What Happens Next

What’s Next
A friend was recently faced with a huge disappointment at work, and her response had a big impact on me. She was clearly dismayed but accepted the new information quietly. Then, after an hour or so, she started to consider how to continue in the face of the new reality. When I asked her about her surprising response she said, “I can’t do anything about what has happened; I can only do something about what happens next.” This is the kind of approach to unforeseen problems that we read about in aphorisms and wise quotations but that we rarely see put into action in real life.

In stark contrast to this, two weeks ago I met someone whose life revolves around the various troubles she has endured. Admittedly, she has suffered more than most people and her sorrow is understandable. At the same time, though, she does not seem to have been able to lift herself out of the despondency that she fell into decades ago. Her younger son was born with a disability, and her elder son committed suicide while in college. In addition, she was divorced this year. All terribly sad. I spent two hours with her, and she spent the whole time recounting her sorrows and trials.

I wonder what it is that enables one person to focus on the future while another cannot shift attention away from the past. I may be comparing apples to oranges, but perhaps the everyday challenges such as workplace problems provide us with opportunities to practice our responses to adversity. We need to hear ourselves saying “I can only do something about what happens next” if we are to believe that we can make a new future.

The woman I met is doing things that are noble and praiseworthy. She is an active participant in her younger son’s care-giving, and for ten years she has been leading a support group for families of people who have committed suicide. The trouble with those things, in my view, is that they make it difficult for her to live a re-imagined life. While she continues to participate in a support group she is regularly reminded of her loss. In addition, she doesn’t travel because she feels that she needs to be close to her younger son.

It seems that she sacrificed a future in order to be able to live with the awful past. But, all the sadness and guilt and anxiety that we associate with our troubles aren’t made any easier by giving them our attention. I don’t know when is the right time to say “I can only do something about what happens next,” but it’s probably sooner rather than later.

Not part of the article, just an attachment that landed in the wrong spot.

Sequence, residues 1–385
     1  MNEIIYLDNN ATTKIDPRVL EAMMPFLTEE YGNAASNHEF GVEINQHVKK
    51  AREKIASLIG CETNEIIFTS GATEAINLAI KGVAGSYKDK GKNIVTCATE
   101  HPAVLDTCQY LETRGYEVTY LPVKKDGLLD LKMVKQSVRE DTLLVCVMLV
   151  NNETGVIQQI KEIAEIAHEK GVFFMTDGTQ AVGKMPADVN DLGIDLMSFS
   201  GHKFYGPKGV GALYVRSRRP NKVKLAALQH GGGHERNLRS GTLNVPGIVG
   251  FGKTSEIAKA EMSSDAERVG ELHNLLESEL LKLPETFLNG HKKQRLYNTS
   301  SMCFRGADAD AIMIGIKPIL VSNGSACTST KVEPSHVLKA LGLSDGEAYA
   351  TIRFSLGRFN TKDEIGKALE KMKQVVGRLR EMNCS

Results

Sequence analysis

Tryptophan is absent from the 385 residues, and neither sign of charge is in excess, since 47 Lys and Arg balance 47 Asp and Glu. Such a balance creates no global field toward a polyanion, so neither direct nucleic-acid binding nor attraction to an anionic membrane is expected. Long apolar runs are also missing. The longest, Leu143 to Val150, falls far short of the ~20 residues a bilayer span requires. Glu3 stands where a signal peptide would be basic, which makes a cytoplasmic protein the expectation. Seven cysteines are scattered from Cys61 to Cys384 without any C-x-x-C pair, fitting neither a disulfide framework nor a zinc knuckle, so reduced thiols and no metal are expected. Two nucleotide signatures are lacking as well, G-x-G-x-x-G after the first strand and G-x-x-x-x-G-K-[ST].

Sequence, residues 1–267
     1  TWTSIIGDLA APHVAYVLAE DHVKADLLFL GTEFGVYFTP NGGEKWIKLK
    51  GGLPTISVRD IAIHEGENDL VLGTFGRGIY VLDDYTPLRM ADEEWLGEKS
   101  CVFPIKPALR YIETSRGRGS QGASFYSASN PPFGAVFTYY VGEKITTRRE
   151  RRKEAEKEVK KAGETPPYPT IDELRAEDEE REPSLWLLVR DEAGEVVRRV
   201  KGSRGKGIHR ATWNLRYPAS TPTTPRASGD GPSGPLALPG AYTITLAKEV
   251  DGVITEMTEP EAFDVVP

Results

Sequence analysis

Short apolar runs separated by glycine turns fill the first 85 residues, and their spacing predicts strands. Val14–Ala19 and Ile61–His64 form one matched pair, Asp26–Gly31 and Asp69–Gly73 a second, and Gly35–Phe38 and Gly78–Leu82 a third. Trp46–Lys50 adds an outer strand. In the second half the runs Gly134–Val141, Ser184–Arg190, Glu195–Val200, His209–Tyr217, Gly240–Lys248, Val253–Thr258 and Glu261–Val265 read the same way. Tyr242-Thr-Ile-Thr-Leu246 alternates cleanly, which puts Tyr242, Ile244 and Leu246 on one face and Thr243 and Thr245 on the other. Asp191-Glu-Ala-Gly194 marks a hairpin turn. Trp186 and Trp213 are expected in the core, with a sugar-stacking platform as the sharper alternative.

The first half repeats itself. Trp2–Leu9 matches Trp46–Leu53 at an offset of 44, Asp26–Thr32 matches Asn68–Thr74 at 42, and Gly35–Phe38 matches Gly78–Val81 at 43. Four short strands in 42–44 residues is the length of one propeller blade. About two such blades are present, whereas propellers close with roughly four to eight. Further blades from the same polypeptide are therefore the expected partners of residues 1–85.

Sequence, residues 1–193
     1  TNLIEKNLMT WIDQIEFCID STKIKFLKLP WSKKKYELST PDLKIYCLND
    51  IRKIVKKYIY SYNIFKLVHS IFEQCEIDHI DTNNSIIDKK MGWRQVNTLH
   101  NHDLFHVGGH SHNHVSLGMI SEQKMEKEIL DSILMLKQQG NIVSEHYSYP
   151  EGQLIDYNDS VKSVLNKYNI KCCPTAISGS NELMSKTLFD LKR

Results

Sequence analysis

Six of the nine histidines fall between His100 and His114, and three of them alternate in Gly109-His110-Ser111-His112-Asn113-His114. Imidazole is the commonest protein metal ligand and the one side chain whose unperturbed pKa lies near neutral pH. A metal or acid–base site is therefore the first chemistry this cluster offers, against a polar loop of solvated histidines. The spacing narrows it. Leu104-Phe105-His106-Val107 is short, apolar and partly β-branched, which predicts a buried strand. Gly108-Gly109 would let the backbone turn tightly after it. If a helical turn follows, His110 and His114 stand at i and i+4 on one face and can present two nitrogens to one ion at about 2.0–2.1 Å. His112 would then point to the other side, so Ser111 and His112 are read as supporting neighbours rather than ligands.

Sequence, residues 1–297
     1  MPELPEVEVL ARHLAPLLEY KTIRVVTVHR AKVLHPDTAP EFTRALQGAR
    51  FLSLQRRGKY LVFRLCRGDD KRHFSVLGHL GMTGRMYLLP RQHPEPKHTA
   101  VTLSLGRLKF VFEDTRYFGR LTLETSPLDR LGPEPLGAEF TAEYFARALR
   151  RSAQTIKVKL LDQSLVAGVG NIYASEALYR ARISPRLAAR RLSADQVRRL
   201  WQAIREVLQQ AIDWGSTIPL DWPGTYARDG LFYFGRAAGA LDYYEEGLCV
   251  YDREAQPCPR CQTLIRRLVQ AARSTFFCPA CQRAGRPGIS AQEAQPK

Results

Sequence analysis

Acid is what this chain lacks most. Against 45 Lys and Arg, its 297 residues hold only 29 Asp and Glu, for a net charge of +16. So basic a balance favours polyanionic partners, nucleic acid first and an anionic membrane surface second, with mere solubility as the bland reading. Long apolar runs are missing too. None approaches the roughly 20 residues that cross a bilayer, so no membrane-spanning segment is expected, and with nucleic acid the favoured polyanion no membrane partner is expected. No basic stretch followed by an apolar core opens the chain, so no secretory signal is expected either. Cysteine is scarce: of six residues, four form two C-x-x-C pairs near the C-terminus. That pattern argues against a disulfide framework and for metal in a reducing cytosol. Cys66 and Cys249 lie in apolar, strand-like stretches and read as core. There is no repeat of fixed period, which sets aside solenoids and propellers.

Image source: http://bellevuestudentsblog.files.wordpress.com/2011/05/whats-next.jpg


  1. So this gave me thought. I agree, our reaction to our problems are the greatest problems. However, without some form of introspection or even dwelling in emotions stemming from the conflict or problems we face in life would there be art?

    The person you described appears to you to be stuck, living in her past or reliving her traumas but you could also see her as an important person to many people (which you noted). Where would we be without these people who take their suffering and their sad stories and stay in it for a while? When is the right time to move on? Why is it sooner rather than later? Why is there a pressure or a higher value placed being light, care-free and able to move on quickly? I guess the example you chose doesn’t illustrate something bad or sad to me. Just something stuck, haven’t we all been a bit stuck for a while?

    Just my questions and thoughts 🙂

    1. I completely agree that we all sometimes have to live through trauma. It’s also laudable when people manage to turn those experience to their benefit and to the benefit of others. My post was prompted by the contrast between the two people, and I don’t know if either approach is right or wrong. I certainly don’t expect people who are grieving to be light and carefree quickly. I do think, though, that decades of being stuck make it extraordinarily difficult to get unstuck.

  2. An awesome book to read is “The Power Of Now”. In the end..we are best served to live in the present. But it is a powerful tool, not to spend much time in the past whether it’s wishing for the good old days or recounting the bad. Suffering is a comes from resistance and your friend who moved on..simply allowed herself to suffer less. So it’s not right or wrong it’s just less suffering.

  3. Thank you for the book recommendation. I’ll check it out.

    I’m intrigued by your phrase “suffering comes from resistance.” I’m going to think about it some more before I give you a thoughtful response.

    My own experience has been that it is very easy to settle into a sort of suffering mode, and after a while it’s very difficult to imagine an alternative way of living. Because I’ve been that person, I empathise with those who are similarly stuck, but I also wish I knew of a way to help them out of that despondency.

  4. I’m not sure I know the difference between despondent and depressed, but I do know that depression can sometimes be a chemical imbalance. But for me, a profound sadness is a little like obesity…When I see someone who is in physical pain and can’t move easily or fit in a chair etc, it pains me and I think to myself “I could help them”. But what I know is most people are not ready or open for help even though they are so uncomfortable. I have a friend who has an ongoing battle with her inner demons and I’ve offered help like this…. “It pains me to see you so sad, despondent, grief stricken, unhappy, tormented, whatever she is feeling, and I was wondering, if I could help you, would you be open to explore some suggestions I have that might help? Sometimes she says “yes, that would be so nice” and sometimes she says “no…I’m not ready or in that place right now, but I love you for asking.”

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